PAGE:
Where's my fear...
I remember the fear of the first day best of all: A sweet flower blooming violently and vibrantly against a bleak backdrop that sent a feeling resonating around my body that I quickly grew to adore. Not that I'd never attended school before at the age of eight but it was my first day at my newest school. I remember myself biting hard down on my lip as I trembled like a mountain in an earthquake. A flimsy lunchbox with my favourite irrelevant child's character stuck hastily onto the face was clamped firmly between both of my hands and my generic black backpack clung onto my back which was - for a frail child - a rather overbalancing weight; keeping my profile in a backwards shape which wasn't wholly dissimilar to a backwards "C" although such shape was only very subtle and to only the most pedantic observer I had a perfectly straight profile when wearing the overstuffed bag: Packed by myself in a fit of nerves and anxiety which I would later come to learn was an unrefined form of anxiety disorder.
I looked up at the school's entrance, forcing a smile onto my face as my heart began to race with that euphoric, erratic beating and my body entered that hypersensitive sense of my surroundings I'd grow to adore as I took note of the weeds growing between the cement of the school walls, the bird faeces running down the rust bitten railings and the children's paintings strewn thoughtlessly across the walls that over time had begun to crack, fade and grow deformed as pictures of Disney characters I was rather fond of became eyeless grinning monsters; boring into me with their soulless eyes wherever I moved until I rushed blindly into the school through the worn wooden doors.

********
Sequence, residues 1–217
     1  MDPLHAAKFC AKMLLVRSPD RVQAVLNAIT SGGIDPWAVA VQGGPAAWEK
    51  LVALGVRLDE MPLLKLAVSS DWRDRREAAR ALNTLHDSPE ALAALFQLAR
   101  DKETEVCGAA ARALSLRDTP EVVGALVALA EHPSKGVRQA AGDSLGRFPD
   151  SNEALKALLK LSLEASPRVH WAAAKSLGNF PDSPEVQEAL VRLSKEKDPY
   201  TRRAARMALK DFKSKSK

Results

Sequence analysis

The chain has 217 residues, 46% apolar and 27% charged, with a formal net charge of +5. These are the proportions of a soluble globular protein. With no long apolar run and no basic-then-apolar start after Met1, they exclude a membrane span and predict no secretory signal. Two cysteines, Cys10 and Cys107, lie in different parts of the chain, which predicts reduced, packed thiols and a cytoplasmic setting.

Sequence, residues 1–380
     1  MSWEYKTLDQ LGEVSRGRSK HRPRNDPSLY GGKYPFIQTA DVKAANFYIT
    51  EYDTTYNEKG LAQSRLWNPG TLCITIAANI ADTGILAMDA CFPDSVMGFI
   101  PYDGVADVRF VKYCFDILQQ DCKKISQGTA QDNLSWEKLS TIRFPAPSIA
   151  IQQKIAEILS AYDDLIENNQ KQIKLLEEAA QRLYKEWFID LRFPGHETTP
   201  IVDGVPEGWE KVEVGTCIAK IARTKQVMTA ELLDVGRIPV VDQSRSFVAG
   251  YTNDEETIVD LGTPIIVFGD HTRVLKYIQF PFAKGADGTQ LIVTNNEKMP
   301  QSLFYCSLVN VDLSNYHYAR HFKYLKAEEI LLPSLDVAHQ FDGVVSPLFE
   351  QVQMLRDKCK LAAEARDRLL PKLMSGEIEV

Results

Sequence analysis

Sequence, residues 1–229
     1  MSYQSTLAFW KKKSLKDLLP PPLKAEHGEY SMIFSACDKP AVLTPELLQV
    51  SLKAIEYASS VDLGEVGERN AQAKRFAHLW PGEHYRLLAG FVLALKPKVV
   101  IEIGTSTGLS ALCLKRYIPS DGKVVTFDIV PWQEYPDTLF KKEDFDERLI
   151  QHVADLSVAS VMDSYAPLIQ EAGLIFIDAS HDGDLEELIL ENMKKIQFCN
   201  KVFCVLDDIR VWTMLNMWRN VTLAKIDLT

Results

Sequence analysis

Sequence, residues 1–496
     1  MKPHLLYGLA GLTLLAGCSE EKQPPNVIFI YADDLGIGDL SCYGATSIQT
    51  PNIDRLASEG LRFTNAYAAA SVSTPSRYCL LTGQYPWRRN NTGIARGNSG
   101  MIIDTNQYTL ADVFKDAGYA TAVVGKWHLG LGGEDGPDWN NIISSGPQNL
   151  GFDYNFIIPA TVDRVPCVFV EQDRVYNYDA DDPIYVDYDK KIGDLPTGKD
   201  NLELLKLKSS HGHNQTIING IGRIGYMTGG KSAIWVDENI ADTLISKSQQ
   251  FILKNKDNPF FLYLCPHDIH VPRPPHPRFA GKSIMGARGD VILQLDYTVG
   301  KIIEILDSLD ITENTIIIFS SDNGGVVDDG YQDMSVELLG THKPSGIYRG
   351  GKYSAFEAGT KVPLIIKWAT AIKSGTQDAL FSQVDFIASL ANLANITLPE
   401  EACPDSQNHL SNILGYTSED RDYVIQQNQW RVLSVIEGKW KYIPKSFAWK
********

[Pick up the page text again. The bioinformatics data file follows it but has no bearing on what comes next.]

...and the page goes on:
I was in 2nd grade, Miss Babcot's class. It was easy - even for my unintelligent self - to see why she was still a Miss rather than a Mrs and with a very brief psychoanalysis I imagine her being a teacher would be a result of her then very likely incapability of bearing children. Perhaps realising at a young age how she wouldn't be having children and even us as children could see why.
As I remember Miss Babcot was similar to a hippo - although that would be insulting to a hippopotamus - she was a similar size to one at the very least and as she shuffled past the line of children I'd been guided to by a very disgruntled receptionist I remember my eyes widening at her supreme size: Her feminine walk made her behind - which was large enough - appear much larger as it swung around, bouncing violently with each step as she struggled to pull all of her weight to the front of the line of children patiently waiting in-front of her dimly lit classroom.